On an earlier comment you made on efficiency - I don't know much about specifics of cars, but I did measure motor-alternator coupling's overall efficiency (power in power out) in college, over a decade ago. That was more than 90% if I remember correctly - at least one of them was clearly above 95% efficient and even the other one had to be at least 90%. I remember because I went into the lab thinking I would be lucky to get 50% (i.e. 70% each)

I don't remember the power but I think it was less than 5HP on each rated. We ran it from less than 50% rated to slightly above rated for our experiment.

If you have direct experience, I'll go by your numbers. I mean DC-DC converters easily top 95% peak efficiency and 90% in a wide band of power o/p, however I have seen designs done deliberately for 70% peak efficiency, because other considerations (cost etc.) were more important and 70% did the job pretty well.

Last edited by vina : 13th December 2011 at 23:17.
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Old 14th December 2011, 18:16   #53
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... No, don't mean a RFP or RFQ. ...
Quote:
Originally Posted by Sutripta View Post
... If one had to write one or two sentences explaining the requirements of an alternator for any particular vehicle, what would it be? ...
Isn't that the same (with a few words missing or implicit)? The RFP/RFQ is/has to be more precise than any other document, since there is a tangible end-result involved. The essential words related to 'precision of expression of need' may be in the document (explicit expression), have pointers to them (implicit expression) or the whole thing has to be a part of a process that governs discovery of the same.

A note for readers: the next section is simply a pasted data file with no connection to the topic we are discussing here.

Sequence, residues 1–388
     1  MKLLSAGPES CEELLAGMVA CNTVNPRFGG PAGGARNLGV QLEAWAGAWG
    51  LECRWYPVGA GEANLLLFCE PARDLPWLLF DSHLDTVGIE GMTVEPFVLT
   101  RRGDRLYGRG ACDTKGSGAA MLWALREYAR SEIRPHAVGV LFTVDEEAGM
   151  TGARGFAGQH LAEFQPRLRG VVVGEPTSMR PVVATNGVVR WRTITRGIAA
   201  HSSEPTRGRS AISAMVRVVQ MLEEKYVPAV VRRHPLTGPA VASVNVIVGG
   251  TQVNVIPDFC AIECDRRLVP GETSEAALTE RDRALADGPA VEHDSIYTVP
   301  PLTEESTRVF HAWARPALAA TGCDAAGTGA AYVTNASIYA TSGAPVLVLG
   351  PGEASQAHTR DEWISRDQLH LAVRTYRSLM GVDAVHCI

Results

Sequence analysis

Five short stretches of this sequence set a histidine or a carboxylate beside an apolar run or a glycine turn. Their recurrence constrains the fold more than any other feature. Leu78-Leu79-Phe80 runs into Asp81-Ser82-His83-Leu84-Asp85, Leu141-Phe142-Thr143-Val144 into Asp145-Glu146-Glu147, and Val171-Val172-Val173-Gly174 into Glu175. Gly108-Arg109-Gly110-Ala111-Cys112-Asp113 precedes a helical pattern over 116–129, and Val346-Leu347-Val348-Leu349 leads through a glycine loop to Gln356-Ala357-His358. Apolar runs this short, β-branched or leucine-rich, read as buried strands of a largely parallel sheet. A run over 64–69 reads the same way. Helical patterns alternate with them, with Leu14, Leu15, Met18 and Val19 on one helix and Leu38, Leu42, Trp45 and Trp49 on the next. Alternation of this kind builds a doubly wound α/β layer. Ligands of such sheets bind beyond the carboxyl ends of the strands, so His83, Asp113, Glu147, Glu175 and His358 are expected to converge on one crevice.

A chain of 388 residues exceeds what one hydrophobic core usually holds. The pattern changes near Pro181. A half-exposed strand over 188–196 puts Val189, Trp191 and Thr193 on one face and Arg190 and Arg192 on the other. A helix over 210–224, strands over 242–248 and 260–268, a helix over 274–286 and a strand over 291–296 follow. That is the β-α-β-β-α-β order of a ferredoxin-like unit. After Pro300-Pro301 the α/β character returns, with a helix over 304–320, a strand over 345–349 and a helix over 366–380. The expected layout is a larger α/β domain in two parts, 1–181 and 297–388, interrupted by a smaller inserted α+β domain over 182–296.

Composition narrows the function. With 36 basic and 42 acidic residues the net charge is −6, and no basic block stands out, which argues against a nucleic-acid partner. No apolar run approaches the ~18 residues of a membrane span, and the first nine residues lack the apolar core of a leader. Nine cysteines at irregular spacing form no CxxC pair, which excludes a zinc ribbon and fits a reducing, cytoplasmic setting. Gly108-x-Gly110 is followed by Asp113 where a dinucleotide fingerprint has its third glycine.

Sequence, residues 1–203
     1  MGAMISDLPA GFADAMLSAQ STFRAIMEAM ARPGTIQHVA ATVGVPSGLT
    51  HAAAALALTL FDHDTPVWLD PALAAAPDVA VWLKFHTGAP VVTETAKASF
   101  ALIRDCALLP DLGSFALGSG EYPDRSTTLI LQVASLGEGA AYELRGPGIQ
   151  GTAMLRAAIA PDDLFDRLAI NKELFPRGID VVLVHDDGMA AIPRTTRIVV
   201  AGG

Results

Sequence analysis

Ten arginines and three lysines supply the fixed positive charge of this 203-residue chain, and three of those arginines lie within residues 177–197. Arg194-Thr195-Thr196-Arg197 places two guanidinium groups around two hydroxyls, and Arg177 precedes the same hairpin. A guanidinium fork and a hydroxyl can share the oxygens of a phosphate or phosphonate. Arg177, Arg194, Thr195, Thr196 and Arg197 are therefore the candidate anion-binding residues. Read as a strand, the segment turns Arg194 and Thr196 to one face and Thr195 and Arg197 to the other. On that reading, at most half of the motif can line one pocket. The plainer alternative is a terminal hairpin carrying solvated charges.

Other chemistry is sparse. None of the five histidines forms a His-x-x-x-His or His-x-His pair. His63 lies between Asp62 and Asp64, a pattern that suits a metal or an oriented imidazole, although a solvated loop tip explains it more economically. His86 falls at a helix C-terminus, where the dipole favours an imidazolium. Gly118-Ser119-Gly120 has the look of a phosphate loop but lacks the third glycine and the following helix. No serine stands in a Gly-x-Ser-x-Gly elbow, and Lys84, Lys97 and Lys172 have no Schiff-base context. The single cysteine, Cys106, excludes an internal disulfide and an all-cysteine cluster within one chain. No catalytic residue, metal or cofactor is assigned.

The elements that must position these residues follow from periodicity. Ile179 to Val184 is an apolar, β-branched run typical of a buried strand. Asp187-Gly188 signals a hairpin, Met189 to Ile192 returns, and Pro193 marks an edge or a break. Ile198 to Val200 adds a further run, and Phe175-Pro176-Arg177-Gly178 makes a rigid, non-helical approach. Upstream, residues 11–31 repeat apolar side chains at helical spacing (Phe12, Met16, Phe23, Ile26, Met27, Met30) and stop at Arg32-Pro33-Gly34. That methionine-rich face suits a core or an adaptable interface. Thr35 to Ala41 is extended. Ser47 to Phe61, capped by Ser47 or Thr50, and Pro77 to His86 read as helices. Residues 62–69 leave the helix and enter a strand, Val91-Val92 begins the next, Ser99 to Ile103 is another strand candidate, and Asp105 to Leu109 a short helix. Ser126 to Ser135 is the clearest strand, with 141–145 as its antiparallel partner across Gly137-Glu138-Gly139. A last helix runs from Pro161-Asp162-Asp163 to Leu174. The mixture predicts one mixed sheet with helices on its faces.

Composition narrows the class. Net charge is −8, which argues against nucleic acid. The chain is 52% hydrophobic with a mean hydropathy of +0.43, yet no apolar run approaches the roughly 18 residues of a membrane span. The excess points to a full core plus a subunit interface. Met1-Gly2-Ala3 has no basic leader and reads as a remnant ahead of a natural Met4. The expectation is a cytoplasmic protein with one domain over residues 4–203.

Quote:
Originally Posted by Sutripta View Post
... If you were writing the definitive treatise on automotive electrical systems,...
Thankfully, fortunately or unfortunately, I am not in the business or profession of writing treatises!

Quote:
Originally Posted by Sutripta View Post
... but before you dive into the subject. And hard data please.
IP area - tread with care. As one would say in Hindi: 'Marwaoge kya?'

Quote:
Originally Posted by dashoin View Post
... The rice statement is appropriate - if you provide a fixed amount of rice to the caterer and more guests turn up, the rice is bound to run out till you get more rice. Same is the case with the alternator. Once you have sized it on the basis of your earliest posts (duty cycle), you would end up in a situation like the caterer!. ...
No, it isn't the same case. And no, inferring from Duty Cycle has nothing to do with it, since
a. one has a considerable power margin available from the engine for usage (same as 'enough rice was available')
b. current will be drawn depending on - analyze by circuit theory - impedances of the components in a circuit. Current 'supplied' will never be throttled to 0 - there is nothing called 'there will be nothing left'
c. there is considerable stretch available - till material failure in the alternator - that higher demand can be met. 'Temperature derating' is the gradually diminishing safety margin till burn-out. *Not* that higher cannot be drawn at higher temperatures - as long as cooling is effective